One argument put forward in favor of organized religion is that it provides a framework to discuss the bigger questions of life.
Why are we here? How do we find meaning in life? What is our purpose? These are the type of questions plaguing the character Jake in "H20," a drama that keeps its audience laughing as it delves into the darker aspects of human existence. Staged by Carol Piersol's newly-formed 5th Wall Theatre, the play sets a high watermark for the company's upcoming work.
Jake (Landon Nagel) is the star of a series of action films vaguely reminiscent of "The Transporter." To prove that he's more than just his hunky onscreen persona — and to stave off depression — Jake has decided to star in "Hamlet" on Broadway. He's in the midst of pre-production when he crosses paths with evangelical Deborah (Liz Earnest) and becomes determined to cast her as his Ophelia.
In its second-ever production, Jane Martin's script plays with the Hamlet-Ophelia connection, but is careful not to overextend the comparison. Under director Morrie Piersol's steady hand, the show is entrancing and brutal, deftly jumping from pain to humor and back again.
With his Everyman face and obvious charm, Nagel puts in an effortless performance as Jake. As his character spirals out of control under the weight of depression and fame, Nagel portrays Jake as a wounded joker with an unhappy streak.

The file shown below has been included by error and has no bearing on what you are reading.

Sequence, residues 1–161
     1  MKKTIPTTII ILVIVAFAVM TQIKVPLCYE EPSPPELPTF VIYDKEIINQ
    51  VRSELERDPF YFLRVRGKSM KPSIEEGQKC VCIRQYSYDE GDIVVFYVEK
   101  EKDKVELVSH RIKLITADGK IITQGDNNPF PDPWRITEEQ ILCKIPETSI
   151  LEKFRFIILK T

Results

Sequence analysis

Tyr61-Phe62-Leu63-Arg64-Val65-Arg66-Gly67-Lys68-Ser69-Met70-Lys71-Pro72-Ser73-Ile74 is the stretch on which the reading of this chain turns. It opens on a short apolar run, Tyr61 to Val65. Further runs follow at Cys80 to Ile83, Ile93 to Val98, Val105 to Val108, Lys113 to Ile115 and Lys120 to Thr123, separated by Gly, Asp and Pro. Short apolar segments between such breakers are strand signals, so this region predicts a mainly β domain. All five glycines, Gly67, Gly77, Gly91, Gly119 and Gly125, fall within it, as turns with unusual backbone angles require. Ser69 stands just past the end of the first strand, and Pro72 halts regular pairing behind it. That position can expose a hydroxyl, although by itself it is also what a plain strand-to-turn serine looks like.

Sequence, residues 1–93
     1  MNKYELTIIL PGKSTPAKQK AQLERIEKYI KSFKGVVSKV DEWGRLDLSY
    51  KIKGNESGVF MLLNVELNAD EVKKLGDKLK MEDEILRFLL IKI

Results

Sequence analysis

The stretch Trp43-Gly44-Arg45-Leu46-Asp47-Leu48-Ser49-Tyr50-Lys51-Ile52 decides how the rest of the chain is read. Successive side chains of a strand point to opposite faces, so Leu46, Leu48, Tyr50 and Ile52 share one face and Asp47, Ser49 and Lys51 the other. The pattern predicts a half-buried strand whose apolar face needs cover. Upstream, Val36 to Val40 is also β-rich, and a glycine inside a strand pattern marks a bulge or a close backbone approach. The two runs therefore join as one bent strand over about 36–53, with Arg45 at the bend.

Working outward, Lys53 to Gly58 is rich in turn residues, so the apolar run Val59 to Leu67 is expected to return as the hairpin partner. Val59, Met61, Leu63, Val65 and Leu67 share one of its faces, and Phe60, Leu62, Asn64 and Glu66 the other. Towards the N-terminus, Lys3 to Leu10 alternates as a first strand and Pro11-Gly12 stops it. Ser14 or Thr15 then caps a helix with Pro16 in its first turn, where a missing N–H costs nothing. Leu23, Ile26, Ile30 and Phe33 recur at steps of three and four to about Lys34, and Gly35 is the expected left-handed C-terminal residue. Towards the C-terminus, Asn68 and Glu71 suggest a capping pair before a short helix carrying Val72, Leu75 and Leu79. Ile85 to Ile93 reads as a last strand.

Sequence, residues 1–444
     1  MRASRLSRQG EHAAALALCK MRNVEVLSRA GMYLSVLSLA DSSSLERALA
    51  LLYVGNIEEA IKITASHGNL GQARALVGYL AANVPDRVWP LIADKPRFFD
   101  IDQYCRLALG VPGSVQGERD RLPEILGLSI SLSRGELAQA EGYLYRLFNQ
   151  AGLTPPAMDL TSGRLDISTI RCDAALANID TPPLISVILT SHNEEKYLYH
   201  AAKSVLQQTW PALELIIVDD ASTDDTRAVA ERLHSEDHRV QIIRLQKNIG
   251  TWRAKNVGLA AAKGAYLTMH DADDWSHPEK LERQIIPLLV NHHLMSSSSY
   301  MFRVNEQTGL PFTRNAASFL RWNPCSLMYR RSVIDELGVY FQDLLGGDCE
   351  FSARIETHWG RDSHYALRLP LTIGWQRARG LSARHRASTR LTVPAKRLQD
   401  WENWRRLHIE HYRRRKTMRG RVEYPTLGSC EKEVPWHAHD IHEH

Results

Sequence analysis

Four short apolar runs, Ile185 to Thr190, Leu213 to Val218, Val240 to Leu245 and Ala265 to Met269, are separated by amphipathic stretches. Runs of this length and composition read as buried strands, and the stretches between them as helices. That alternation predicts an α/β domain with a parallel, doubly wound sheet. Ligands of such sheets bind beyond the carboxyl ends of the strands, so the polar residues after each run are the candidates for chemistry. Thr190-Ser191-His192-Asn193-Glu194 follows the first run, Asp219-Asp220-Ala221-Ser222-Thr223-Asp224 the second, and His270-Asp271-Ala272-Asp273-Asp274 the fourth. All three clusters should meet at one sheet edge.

Afraid of the darkness in his own soul, Jake clings to Deborah, who believes God has called upon her to spread the gospel by playing Shakespearean roles. Headstrong but uncertain of how to help Jake through her faith, Deborah is confronted with challenges to teachings she has believed her whole life. In the hands of a lesser actress, the role could easily be seen as supporting and one-dimensional, but Earnest works to show the character's complexity.
With no intermission, the show clocks in around 90 minutes, and stage manager Georgina Coffey and her crew should be lauded for their lightning fast scene and costume changes. Tennessee Dixon's set is versatile to the show's many locations, and Matthew Landwehr's moody lighting design only heightens the action on stage.
Powerful and ultimately devastating, "H20" shows its protagonists intertwined in a love-hate relationship that leaves the audience with more questions than answers.
Locked in orbit like binary stars, it's riveting and scary to see if Jake and Deborah will shoot off in different directions or cause each other's destruction. S
5th Wall Theatre's "H2O" plays through Sept. 27 at Theatre Gym at Virginia Rep Center, 114 W. Broad St. For information visit 5thwalltheatre.org.